HostGator and Bluehost are some of the largest web hosting providers in the space. Datanyze claims the two account for 544,721 domains. That’s about four percent of the entire market, a figure quite high when compared to Pagely (read our Pagely review) which only holds 0.07 percent of the market.
Despite the massive hold the providers have in common, you can only pick one when starting a website. We’re here to provide a fact-based look at the two providers, examining the most important areas of web hosting so you know which provider is best for you.
For some general web hosting knowledge, check out our web hosting archive. There, you’ll find the best web hosting providers, as well as lists like the best web hosting for WordPress and tutorials like how to register a domain name.
HostGator vs Bluehost: A Battle Between Titans
We’re going to throw two of the largest web hosts in the ring to see who comes out on top. It’ll take place over a series of four rounds, comparing the major aspects of each. After detailing each area, we’ll share some final thoughts and declare a round winner.
The four areas we’ll evaluate are price, ease of use, speeds and uptime, and security and support. While not the only areas that are important to a web host, these four provide a good overview when pitting them against each other.
After the four rounds, we’ll settle on an overall winner for the comparison. The decision will be based on the rounds themselves, meaning that our pick isn’t set in stone. A touch of grey mixes with the black and white of this comparison, so make sure you read through completely to find the right host for you.
It’s important you understand how exactly we’re evaluating each host before continuing, though. Read up on how to choose a web hosting provider to learn some specifics about the criteria we look for, or maybe check out the best cheap web hosting if price is of concern.
If, after going through both providers, you still don’t find a fit, then you can always attempt to host your own website. It’s a bit of a clunky experience, but still a definite possibility for ultra tight wallets. Now let’s jump right into comparing two of the best web hosting providers in the industry.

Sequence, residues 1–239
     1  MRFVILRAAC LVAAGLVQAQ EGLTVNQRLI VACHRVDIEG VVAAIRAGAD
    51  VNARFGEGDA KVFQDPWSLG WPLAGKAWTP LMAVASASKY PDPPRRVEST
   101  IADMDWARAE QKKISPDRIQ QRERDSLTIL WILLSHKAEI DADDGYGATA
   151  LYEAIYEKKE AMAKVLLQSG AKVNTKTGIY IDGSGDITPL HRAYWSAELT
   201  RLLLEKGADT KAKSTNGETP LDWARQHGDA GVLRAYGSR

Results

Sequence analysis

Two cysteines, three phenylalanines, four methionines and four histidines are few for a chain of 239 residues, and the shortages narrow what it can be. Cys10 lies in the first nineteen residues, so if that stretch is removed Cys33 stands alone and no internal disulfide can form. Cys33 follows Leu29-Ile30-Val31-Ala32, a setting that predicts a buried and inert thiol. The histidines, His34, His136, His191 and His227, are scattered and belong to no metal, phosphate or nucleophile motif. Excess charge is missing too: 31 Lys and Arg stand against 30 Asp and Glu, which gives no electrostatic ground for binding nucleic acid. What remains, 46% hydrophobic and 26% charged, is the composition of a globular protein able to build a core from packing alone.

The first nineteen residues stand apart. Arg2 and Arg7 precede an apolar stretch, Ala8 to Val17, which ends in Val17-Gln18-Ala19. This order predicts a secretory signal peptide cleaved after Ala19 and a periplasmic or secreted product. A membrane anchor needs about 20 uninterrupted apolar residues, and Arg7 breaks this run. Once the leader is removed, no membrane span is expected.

The bottom line is everything, and the web hosting world holds no exception to that rule. We’re first going to look at the price of both web hosts and compare just what you’re getting for your money. It’s important to note, though, that while there may be differences in dollar amount, we’re judging the overall value of the host relative to the price.
HostGator has one of the largest selection of plans among web hosts we’ve reviewed. There’s something for nearly any user and, unlike many competitors, the prices feel justified across the board.
Despite the selection, the most attractive option is shared hosting. This is a cost effective choice for individuals and small businesses, which is a big reason why HostGator ranked among our best web hosting for small business. You can get the Hatchling plan for only $3.95 per month, but you’re probably better off with the slightly more expensive Business plan that includes an assortment of extra features for only a couple bucks more.
|Hatchling Plan:||Baby Plan:||Business Plan:|
Free SSL certificate
Dedicated IP address
Hatchling plans are particularly limiting. You only have access to a single domain and are forced to use a dynamic IP, meaning no changes can be made on this level. However, you do get $200 in ad credits across Bing and Google, which adds a bit of extra value.
Business is much better because it comes with the same goodies, but lifts the domain and IP restriction. You get a dedicated IP address as well as a free SSL certificate, an inclusion that would normally run $20 or more per year.
Across all plans, though, are quite a few features. You have access to the HostGator builder, one that ranks among our best website builders. It comes stock with hundreds of designer themes, each optimized for mobile use.
HostGator offers far more than just shared plans, though. Cloud hosting starts at $4.95, WordPress at $5.95, VPS at $19.95 and dedicated at $119. These plans come with their own set of features and, unfortunately, don’t align directly with Bluehost because of that. While they’re omitted from this section of evaluation, you may find a good home there.
The lineup at Bluehost is slightly smaller, but plans come with a more extensive list of features. The three shared offerings mirror the prices of HostGator. Even so, the plans feel more well rounded, fit with extras that apply to all users.
50GB website space
|Unlimited domains |
Unlimited website space
Spam experts included
Site backup included
The Basic plan at Bluehost is just as limiting as the Hatchling plan at HostGator. It’s a single domain plan that’s suitable for individuals, but certainly sits on the low end of the bell curve. For most, upgrading to Plus or Prime is far better.